We want to let you know that we are thinking about all of you during these difficult and uncertain times. And we want to share what we are doing in response and offer some thoughts on how we all can cope with feelings of stress that many of us are feeling right now.

First, we want to assure you that this crisis isn’t stopping us from doing our important work to protect our environment. Even though our offices are now closed in both Toronto and Ottawa, we are still working together with all of our partners in society. Like many of you, we are now working remotely to help flatten the curve. And we are taking full advantage of electronic means to stay in touch with each other.

We will be hosting virtual (instead of in-person) meetings, working on long-standing research projects, completing new educational materials, and providing advice to governments. During the next few weeks, we will also keep in touch with our supporters online by providing useful information on topics like cleaning products, disposable plastics, healthy water, and the value of natural areas. 

All of us at Environmental Defence support and applaud the Canadian and international public health officials who are guiding us all on the appropriate actions that we should take right now. We also want to thank front line health care providers and all of you across the country who are doing your part to slow the virus’ spread and help out people in your communities. 

Nature has the power to calm us during difficult times 

We also want to recognize that what we are all seeing on the news makes us stressed and fearful. And while stress can help us be more aware and make better decisions, it can also be exhausting and debilitating if it goes on for a long time and is not interspersed with periods of relaxation and recovery. For this reason, we want to encourage you all to seek out ways to safely get out of your homes to visit places that will make you mentally and physically healthier.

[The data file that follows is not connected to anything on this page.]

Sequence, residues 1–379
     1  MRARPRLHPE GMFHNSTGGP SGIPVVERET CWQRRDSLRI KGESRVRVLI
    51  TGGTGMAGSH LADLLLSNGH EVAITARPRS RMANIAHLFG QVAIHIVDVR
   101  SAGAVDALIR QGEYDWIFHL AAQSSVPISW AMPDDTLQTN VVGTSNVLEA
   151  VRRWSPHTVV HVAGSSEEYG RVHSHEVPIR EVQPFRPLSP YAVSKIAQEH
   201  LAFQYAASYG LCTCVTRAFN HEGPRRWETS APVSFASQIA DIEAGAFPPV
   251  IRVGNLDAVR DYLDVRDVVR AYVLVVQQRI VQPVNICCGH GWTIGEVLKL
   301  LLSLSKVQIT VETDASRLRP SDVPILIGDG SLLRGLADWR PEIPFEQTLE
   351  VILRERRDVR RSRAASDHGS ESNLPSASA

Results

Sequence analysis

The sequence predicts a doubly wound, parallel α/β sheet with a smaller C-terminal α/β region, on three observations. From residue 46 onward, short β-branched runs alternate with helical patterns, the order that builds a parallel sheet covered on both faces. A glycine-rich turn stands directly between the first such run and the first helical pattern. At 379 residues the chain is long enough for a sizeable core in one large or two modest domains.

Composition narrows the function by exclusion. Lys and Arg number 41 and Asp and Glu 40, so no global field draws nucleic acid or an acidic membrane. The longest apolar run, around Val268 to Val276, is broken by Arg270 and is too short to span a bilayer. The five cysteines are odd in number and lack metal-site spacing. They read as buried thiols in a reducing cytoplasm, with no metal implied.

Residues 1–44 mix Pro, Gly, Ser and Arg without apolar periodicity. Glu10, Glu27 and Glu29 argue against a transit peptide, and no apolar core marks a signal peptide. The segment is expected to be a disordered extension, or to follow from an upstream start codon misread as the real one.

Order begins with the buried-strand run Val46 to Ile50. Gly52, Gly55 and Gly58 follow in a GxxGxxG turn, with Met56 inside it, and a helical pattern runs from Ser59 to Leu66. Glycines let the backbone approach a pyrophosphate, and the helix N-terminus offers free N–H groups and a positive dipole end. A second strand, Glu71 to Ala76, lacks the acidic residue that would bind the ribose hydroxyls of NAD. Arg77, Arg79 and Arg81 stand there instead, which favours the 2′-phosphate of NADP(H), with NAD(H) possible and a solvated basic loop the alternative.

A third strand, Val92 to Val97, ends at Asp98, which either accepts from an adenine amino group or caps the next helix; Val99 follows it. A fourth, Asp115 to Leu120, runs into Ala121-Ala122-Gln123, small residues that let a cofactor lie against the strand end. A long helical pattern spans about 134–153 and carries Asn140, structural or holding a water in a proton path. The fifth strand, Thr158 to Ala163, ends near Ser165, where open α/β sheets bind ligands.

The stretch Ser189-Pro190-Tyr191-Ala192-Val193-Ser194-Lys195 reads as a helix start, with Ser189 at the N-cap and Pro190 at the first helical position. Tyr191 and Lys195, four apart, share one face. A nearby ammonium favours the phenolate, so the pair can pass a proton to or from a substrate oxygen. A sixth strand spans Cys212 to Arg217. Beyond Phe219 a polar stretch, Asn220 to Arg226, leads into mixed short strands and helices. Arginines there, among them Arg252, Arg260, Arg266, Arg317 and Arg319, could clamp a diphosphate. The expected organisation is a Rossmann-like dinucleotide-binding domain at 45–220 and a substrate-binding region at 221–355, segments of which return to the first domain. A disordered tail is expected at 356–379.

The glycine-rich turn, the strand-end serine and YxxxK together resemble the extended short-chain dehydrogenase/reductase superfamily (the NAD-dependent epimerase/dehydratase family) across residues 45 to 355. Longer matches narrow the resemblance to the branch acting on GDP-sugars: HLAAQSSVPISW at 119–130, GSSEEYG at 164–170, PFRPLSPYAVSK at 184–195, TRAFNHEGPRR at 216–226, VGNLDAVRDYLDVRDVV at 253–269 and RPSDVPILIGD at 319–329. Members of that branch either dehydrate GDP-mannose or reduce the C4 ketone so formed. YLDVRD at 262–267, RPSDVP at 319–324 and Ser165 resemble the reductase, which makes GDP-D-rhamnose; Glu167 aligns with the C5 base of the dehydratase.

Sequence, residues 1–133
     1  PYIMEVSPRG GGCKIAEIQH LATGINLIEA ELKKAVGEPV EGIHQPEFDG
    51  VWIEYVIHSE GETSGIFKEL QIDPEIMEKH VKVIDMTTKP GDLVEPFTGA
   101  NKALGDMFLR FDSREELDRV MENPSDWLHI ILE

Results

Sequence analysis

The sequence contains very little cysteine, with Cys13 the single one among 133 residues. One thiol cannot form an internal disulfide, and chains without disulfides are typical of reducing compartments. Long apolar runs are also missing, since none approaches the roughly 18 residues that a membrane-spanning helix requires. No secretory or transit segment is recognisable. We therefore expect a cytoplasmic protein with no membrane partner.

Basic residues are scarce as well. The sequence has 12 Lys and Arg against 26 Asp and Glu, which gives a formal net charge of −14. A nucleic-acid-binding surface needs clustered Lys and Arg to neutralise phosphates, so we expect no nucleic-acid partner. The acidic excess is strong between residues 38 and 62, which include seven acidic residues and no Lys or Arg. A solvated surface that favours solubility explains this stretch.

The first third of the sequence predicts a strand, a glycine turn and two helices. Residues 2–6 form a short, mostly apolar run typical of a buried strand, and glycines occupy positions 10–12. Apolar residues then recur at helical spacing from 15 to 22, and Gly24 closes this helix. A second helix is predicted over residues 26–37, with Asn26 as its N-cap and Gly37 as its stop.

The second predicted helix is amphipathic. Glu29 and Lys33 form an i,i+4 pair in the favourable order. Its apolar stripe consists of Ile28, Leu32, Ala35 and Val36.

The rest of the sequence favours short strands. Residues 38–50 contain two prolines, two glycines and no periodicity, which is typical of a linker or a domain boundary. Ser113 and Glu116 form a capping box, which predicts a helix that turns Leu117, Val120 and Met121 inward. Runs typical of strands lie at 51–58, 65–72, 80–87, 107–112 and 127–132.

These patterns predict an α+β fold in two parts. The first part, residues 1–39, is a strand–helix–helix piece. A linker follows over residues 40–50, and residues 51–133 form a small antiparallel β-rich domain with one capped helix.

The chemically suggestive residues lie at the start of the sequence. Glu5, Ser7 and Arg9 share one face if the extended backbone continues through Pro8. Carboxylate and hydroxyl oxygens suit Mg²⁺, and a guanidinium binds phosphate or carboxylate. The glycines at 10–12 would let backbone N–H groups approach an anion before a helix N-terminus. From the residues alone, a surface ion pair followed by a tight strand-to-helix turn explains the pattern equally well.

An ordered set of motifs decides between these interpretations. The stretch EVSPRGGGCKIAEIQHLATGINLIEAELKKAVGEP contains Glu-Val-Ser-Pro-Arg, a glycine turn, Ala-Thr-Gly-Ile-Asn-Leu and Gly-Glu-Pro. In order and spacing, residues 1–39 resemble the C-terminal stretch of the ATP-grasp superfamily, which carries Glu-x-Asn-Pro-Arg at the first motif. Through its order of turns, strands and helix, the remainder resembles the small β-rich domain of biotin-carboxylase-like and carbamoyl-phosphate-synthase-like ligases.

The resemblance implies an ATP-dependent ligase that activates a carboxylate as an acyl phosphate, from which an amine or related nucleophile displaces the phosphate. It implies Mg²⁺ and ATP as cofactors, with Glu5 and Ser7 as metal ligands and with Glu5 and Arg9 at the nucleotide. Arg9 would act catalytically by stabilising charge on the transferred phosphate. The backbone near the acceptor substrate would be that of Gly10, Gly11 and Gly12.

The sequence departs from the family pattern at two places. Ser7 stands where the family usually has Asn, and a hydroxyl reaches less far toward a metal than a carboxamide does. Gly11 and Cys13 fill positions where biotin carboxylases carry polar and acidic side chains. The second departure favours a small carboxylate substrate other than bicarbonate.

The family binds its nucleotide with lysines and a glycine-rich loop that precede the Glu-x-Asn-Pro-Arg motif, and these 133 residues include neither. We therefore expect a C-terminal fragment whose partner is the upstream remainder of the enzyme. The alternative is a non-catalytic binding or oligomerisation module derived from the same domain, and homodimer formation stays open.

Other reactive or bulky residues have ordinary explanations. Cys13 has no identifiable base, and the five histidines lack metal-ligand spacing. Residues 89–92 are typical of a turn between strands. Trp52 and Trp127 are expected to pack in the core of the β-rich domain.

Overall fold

Research has shown that being out in forests and trees has a number of measurable benefits which include: improved immune system response; lower blood pressure; reduced stress; improved mood; increased ability to focus (even in children with ADHD); accelerated recovery from illness; increased energy level and improved sleep.

Being in natural areas does not have to be deep in the wilderness, which is hard or impossible for many urban dwellers, but also can include smaller neighbourhood or urban areas such as ravines, hiking trails, river-side corridors etc. When you are out in these areas you will be able to maintain recommended distances from other people while receiving the calming and relaxing benefits of being in nature. So get outside if you can and let nature help you be stronger.

Thank you from all of us 

Blank card and envelope with thank you on background

We also want to thank all of you for your continued support and for remembering how, perhaps more than ever, protecting our environment is so important. Access to nature, stopping climate change, preventing plastic pollution, eliminating toxic chemicals and safeguarding fresh water will all help us get through this difficult time and ensure that we build toward a recovery that is best for society. 

Part of creating that better future is coming together now as members of our respective communities. We can all have a positive impact by taking care of each other and helping out our neighbours in times of need. Read part 2 of this blog to find out how Canada can build a sustainable future after the COVID-19 crisis. 

From all of us at Environmental Defence, we hope that you and your loved ones stay safe. 

Together, we will get through this.

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